With football in lockdown, the virtual challenge is on. We are all playing Football Manager, right?
With so many different 'challenges' out there, I thought I would do something a bit different with the game. Normally, when I find the time to play FM I tend to play the same way that I would run a club in real life; I spend time thinking about recruitment and the financial implications of the moves that I make and I like to prioritise youth development and player pathways.
What would happen, though, if I was forced to play without that control? That was the question that led to the idea behind this save and series.
I will be assigning the responsibility for all transfers, in and out, to a director of football.
They will have the ability to sell any player from my squad at any point and also to spend the club’s money in whichever way they see fit.
What could possibly go wrong?
First, though we need to decide on a club.
I decided that in order to make this engaging there had to be an element of challenge. As such I have taken charge of Norwich City at the start of the 2019/20 season. I wanted to take a newly-promoted side and one that has a small budget compared to the rest of the league. I also thought that in terms of board expectations, which are more important in FM20 than ever before, Norwich would be relatively reasonable in what they wanted from us.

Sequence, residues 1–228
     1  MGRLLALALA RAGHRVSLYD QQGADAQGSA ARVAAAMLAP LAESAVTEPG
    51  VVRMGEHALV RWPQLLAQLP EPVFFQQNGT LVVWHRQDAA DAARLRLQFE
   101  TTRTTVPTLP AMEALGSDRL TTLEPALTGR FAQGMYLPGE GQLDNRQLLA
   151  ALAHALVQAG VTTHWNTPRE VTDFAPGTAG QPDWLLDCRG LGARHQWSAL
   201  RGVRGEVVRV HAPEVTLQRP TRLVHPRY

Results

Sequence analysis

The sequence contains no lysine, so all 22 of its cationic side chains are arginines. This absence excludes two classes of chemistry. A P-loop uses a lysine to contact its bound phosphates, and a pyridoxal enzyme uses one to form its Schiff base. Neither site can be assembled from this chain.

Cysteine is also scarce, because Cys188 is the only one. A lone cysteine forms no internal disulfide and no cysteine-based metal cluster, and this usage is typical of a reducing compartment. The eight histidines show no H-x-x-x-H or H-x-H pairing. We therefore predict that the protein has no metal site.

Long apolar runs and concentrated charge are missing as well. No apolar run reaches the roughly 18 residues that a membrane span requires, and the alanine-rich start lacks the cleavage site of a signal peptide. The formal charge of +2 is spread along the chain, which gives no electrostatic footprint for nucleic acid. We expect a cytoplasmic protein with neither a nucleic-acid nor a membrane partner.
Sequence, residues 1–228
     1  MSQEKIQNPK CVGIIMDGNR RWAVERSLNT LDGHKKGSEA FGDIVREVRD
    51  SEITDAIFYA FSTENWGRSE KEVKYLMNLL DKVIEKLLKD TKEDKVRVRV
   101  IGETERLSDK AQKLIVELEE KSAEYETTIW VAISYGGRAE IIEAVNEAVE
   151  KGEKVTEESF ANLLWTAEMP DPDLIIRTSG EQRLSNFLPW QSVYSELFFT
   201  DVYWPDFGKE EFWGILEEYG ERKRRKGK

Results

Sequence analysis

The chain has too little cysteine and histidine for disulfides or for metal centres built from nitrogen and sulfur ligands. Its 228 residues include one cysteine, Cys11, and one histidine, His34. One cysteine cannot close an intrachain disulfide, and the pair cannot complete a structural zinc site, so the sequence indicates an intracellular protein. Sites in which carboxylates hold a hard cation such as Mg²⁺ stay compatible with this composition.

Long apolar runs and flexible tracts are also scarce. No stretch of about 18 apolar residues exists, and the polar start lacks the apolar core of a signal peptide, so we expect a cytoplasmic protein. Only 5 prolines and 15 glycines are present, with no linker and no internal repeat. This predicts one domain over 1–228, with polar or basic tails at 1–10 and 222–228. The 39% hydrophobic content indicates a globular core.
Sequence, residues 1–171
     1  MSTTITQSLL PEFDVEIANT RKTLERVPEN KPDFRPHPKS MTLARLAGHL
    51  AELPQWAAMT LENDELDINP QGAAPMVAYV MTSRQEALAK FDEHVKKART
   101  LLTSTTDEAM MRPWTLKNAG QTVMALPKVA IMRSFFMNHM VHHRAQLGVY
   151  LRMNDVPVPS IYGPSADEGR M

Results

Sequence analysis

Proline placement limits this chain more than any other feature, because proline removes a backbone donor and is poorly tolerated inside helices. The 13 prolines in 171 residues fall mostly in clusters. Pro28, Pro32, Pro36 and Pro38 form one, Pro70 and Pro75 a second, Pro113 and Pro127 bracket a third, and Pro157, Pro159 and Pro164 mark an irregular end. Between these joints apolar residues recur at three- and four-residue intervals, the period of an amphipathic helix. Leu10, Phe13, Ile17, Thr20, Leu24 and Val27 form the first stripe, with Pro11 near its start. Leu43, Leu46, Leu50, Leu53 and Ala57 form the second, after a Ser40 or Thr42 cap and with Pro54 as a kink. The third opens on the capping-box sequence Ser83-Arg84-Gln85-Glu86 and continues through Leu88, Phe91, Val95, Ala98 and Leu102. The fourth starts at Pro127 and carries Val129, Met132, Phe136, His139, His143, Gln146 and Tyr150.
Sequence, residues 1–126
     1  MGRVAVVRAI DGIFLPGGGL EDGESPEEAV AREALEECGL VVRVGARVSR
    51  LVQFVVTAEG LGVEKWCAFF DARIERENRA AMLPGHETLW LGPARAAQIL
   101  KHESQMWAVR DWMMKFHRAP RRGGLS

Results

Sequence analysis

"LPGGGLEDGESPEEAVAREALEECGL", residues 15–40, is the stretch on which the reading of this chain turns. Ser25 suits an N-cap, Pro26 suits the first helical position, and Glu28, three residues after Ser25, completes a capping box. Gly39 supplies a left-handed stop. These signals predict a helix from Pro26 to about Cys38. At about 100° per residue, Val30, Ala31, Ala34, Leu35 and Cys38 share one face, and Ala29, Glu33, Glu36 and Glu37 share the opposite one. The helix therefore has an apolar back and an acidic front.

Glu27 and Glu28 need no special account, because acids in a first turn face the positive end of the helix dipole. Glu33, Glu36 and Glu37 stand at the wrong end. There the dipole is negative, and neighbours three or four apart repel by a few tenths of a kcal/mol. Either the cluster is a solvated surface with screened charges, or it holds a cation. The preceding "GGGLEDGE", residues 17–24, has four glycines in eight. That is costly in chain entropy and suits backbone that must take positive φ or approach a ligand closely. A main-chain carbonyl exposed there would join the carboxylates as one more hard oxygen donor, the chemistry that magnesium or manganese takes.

Expectations: Fight Relegation
So, initial expectations are set. In terms of the Premier League, we are expected to battle bravely against relegation. My own expectations are at minimum mid-table so there should be no issue there. We are also expected to reach the fifth round of the FA Cup and the fourth round of the Carabao Cup. That might be slightly trickier given the fact I plan to prioritise league form.
Oh, and as you can see a failure to reach any of these expectations will make my position at the club untenable. No pressure then.
The next step is to make sure that we have a good Director of Football in place. This is especially important given the fact that they will be in charge of all transfers. Luckily Norwich already have one of the best around.
Meet Stuart Webber.
Stuart Webber has been one of the most integral pieces in Norwich’s promotion campaign and in preparing them for this season in the Premier League. I have to admit that in-game I am a little concerned that he has a negotiating attribute of 10 but everything else is very, very good.
I have put Webber in charge of all first-team transfer business while the head of youth development Stuart Weaver is allowed to sign young players for the future. Over the longer term, it should be interesting to see how the squad would shape up with the AI doing all of the signing and selling.
So, we have our team and we know who is effectively in charge of who to sign and who to sell. What kind of position is the club in though?
I like this graphic. A nice and clean representation of wage spending in the Premier League as we go into the season. Interestingly, our spending is not bottom of the pile, with Chris Wilder’s Sheffield United spending less.
Given that I am playing on the latest update (with transfers from January) this is surprising given that Sheffield United also have Sander Berge. It does offer a nice visual representation of the size of the challenge ahead though.